Trailblazing Women in Product Management: Heather Wiederstein, VP of Solutions Development (Head of Product) at Learning Ally
For our next installment of the Trailblazing Women in Product Management series, I interviewed Heather Wiederstein, VP of Solutions Development (Head of Product) at Learning Ally. View the full list of this blog interview series to learn the stories of more women product leaders here.
How did you get into product management?
I joke with my team that none of us went to school to be Product Managers. We have fallen into it from some other role. I fell into it being a subject matter expert. I started my career as a classroom teacher and have been working in educational publishing since I left the classroom. Because I was a teacher, I was able to be that voice of our customer. Because I design and develop software for teachers, I think about myself standing in front of the classroom. As a Product Manager, understanding the personas and pain points of the end user, the teacher, was very intrinsic to me. And it was easy for me to build trust and have conversations with customers (other teachers). When there was an opportunity to step into a product management role, I took that opportunity and jumped into the deep end, figuring it out through trial and error.
Any missteps along the way?
My gravest misstep was not speaking up (because I didn’t believe I had the “right” to speak up) when I knew a launch was going to go badly. I was more junior and came into the role as the product was about to be launched. I hadn’t been there for any of the requirements gathering or development. There was a lot of momentum built and I didn’t feel like I had the leverage to say that we shouldn’t launch when the CTO wanted to. Instead, I tried to create a mitigation path and I wish that I had had the nerve to not launch. It created so much havoc for the customers in my backlog for 15 months. If I could offer one thing as a lesson learned, I’d tell PMs to speak up when your gut tells you to. Be as data-driven as possible, and succinctly raise your argument.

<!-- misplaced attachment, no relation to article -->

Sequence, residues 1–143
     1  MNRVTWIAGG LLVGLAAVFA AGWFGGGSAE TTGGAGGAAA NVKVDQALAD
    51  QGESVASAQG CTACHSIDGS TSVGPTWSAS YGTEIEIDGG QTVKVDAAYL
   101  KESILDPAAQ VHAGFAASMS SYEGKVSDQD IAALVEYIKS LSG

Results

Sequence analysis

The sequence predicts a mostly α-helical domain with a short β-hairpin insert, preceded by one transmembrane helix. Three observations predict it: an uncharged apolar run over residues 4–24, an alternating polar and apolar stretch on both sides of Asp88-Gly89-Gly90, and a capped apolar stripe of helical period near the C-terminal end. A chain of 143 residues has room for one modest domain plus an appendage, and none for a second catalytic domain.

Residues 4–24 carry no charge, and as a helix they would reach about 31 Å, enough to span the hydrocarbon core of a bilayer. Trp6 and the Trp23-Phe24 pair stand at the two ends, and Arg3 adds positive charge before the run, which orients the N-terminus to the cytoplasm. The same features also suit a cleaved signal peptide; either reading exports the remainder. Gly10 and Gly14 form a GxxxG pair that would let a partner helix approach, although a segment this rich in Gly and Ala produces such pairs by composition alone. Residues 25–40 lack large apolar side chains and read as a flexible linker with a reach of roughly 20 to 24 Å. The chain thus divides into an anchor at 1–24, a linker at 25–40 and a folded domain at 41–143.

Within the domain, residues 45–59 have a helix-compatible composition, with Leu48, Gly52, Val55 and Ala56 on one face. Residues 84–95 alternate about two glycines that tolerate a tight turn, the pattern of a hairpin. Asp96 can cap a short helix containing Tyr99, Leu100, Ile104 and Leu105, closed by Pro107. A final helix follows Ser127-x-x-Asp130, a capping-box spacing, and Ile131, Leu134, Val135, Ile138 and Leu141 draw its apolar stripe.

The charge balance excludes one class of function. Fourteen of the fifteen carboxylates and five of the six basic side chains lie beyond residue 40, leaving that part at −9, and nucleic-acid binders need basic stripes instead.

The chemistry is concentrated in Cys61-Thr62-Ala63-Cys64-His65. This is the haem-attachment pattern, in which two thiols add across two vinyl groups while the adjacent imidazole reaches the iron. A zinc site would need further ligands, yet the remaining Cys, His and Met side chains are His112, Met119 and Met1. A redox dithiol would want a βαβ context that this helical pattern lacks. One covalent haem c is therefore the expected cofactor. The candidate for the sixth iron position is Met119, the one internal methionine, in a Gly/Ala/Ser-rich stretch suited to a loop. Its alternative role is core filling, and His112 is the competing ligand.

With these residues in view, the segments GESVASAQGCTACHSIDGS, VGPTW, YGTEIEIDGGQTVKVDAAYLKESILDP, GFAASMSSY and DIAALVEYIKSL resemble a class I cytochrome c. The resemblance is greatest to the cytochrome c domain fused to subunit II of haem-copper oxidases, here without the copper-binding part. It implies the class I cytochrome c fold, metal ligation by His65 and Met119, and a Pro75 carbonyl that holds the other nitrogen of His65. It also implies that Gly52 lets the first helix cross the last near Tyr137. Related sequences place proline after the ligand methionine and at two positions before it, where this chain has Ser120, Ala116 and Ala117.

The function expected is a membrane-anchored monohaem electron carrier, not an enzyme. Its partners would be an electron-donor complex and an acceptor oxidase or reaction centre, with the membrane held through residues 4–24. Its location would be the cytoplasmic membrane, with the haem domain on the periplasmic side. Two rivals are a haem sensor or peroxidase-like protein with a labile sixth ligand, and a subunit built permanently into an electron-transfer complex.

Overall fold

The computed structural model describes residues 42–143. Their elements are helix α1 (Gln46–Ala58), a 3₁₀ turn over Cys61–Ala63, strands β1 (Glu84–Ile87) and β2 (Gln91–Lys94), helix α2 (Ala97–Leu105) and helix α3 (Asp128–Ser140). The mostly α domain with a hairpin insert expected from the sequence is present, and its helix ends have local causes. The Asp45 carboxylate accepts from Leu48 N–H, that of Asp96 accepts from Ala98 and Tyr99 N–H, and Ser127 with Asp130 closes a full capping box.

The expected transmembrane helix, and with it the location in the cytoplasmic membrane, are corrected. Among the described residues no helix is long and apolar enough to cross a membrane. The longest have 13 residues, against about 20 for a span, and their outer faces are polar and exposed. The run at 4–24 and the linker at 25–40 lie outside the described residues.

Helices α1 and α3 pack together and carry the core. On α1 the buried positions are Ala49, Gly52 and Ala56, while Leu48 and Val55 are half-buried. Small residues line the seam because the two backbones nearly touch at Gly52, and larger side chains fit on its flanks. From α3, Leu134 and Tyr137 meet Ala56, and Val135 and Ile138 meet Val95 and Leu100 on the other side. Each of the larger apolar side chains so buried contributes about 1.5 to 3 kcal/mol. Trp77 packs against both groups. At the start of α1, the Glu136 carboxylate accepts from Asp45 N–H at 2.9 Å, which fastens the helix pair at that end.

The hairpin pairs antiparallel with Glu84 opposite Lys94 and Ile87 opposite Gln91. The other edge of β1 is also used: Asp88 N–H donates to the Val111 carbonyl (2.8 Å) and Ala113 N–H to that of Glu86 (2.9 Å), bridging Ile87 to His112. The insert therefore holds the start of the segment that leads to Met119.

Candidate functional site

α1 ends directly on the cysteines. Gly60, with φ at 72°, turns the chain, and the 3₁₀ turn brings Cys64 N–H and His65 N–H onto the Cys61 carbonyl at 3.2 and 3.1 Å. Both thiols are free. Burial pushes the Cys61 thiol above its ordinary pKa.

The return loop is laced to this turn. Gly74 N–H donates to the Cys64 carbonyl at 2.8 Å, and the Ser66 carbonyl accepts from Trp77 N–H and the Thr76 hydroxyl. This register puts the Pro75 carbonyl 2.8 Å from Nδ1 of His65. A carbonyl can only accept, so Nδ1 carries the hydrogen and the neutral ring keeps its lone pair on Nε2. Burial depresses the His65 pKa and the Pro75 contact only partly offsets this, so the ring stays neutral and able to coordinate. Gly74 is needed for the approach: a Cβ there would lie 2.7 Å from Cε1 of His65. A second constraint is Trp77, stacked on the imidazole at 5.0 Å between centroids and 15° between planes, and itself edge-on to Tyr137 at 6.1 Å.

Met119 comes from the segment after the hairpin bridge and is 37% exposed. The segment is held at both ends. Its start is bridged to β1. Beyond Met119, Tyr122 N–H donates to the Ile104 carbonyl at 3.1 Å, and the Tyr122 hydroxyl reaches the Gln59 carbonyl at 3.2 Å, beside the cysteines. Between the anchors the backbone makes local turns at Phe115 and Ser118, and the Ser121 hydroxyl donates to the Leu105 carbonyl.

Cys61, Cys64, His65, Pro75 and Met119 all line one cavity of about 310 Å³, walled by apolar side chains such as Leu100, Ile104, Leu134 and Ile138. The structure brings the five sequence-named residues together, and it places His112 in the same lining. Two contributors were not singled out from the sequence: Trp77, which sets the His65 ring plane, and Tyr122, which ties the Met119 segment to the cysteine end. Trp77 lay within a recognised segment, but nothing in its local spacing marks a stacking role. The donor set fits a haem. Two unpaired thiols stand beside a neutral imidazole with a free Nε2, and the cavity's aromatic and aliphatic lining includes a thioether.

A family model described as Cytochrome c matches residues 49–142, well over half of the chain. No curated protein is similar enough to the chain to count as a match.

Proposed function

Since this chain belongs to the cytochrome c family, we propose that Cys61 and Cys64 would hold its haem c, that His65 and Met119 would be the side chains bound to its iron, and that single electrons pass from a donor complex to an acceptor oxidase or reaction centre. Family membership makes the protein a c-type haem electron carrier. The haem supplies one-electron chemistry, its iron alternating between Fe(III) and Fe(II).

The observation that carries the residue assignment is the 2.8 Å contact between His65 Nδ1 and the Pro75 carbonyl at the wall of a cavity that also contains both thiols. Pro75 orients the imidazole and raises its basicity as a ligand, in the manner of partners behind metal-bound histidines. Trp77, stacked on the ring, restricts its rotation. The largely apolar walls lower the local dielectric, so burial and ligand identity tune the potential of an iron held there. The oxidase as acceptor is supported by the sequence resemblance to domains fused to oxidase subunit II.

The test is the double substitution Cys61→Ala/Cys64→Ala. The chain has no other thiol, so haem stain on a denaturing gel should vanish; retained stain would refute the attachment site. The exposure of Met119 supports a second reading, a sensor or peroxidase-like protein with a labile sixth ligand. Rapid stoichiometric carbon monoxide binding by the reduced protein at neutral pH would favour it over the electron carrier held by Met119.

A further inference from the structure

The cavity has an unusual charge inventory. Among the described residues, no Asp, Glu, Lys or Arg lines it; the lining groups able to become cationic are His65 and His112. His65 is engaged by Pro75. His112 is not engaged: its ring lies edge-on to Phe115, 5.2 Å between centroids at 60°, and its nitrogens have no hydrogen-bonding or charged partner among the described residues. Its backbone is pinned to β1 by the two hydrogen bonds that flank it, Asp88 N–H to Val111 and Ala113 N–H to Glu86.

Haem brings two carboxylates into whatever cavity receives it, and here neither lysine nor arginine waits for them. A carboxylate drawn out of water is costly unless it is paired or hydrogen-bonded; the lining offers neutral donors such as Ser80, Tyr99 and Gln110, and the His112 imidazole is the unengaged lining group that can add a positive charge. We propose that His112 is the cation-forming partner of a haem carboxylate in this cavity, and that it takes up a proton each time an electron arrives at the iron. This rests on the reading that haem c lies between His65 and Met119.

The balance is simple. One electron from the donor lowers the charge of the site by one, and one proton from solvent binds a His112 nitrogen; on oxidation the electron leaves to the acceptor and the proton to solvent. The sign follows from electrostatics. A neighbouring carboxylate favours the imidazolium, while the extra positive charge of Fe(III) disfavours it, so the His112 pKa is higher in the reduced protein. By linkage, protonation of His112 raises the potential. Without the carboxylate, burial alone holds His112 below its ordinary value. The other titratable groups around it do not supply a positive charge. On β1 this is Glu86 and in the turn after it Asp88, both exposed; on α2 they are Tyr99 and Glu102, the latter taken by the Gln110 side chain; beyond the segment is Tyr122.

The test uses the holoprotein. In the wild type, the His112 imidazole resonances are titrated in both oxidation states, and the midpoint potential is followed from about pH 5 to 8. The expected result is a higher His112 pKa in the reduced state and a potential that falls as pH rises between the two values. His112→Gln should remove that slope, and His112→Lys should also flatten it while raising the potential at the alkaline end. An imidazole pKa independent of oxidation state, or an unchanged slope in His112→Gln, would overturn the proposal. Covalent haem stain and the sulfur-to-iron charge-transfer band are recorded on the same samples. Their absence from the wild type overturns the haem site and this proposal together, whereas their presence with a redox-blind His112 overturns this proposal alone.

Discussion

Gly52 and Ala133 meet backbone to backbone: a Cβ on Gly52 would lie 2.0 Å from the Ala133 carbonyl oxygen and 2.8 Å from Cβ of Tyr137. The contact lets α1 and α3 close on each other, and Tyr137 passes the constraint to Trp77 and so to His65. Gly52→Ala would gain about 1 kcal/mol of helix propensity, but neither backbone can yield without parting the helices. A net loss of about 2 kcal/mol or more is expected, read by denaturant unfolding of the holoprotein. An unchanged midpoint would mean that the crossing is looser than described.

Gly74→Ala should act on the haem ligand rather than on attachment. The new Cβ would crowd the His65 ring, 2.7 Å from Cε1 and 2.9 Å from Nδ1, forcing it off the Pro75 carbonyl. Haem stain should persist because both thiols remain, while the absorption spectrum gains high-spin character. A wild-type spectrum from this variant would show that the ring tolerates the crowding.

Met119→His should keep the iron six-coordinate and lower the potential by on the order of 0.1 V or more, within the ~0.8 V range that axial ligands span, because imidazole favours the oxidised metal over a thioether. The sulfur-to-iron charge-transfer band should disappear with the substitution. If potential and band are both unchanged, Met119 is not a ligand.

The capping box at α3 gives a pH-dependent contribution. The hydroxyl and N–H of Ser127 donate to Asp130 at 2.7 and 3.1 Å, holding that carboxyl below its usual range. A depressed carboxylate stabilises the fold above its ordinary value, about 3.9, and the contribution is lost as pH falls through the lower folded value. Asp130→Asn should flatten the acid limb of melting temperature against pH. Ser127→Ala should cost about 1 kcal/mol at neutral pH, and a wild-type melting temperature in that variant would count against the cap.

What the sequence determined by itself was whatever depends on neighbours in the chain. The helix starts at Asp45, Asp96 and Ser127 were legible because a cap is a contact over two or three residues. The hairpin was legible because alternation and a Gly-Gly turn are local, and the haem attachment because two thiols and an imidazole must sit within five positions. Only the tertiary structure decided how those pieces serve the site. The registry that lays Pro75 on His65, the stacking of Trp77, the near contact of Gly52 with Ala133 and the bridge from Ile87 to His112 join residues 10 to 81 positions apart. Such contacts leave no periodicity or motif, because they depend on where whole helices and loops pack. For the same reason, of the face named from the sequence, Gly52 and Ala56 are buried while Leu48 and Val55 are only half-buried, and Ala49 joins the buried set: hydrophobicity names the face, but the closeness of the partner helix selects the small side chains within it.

What do you like most about product management?
I like solving problems. It comes from my education framework. Right now, I’m working on a product for struggling readers. I like solving the problems for educators who are trying to reach those students. I don’t approach it from a feature perspective. I approach it from the problem. How can I solve that problem? What is the ideal outcome or behavior?
What do you like least about product management?
What I like least is the very natural tension between a Sales team’s desire to close the deal and what that means for the product roadmap. When the Sales team makes a promise for something that we are not planning on doing, I have to be the one who goes back to either the sales rep or the customer and figure it out. Again, I come from the problem space. I ask what is the problem that you’re trying to solve because there might be a different way that we can do that. I don’t like being the bad cop after the fact. I’d rather be brought into the conversation as a partner with the customer and sales. Maybe what they’re asking for is right and the roadmap should pivot, but until we understand what they’re trying to solve, we don’t know. It’s much harder to go in after a promise has been made. I’ve learned the importance of having multiple versions of a roadmap for various purposes/audiences. I always have one that I can share with sales or a customer.
When you’re hiring, what are you looking for?
I definitely look for experience in how to build a product, but that’s not the only thing I’m looking for. I think there is a secret sauce. There is a set of soft skills that lend themselves very well to be a Product Manager that are not articulated on a resume. I’m looking for critical thinkers, problem solvers, communicators, and creatives who then also have a technical background in terms of software or our business’s area of expertise.
What advice do you have for women who want to get into product management?
Apply for the job. I think that when women don’t feel like they check all the boxes, they won’t apply. Apply for the job. You’ll learn it as you go. Be sure to communicate how your other skills and achievements lend themselves to product management. Take the risk. Make the hard sell. Don’t worry about the boxes you don’t technically check—show how capable you are of checking them.
Any guiding motto or principle that you use?
Content is King! I don’t think this is unique to education, but because I live in the EdTech space, this really rings true with our customers. We could build the sexiest technology and most beautiful app, but if we don’t have a real solution to a real problem inside that app, we are just making a widget. The content of what we are building is so important and where I ask my team to live all the time.
Download the Trailblazing Women in Product Management E-Book
View the full list of this blog interview series to learn the stories of more women product leaders here.
About the Author
Director of Solutions
Mira (she introduces herself as half of a Mira-cle) is your 280 Group concierge. She helps clients navigate our training and consulting solutions, and also oversees our contingent-search recruiting practice. As a certified life and systems coach, Mira is great at listening – not just to our customers, but to our entire 280 Group team. She has a wicked sense of humor and a song for every occasion. Click on our chat button to say “Hi” to her!
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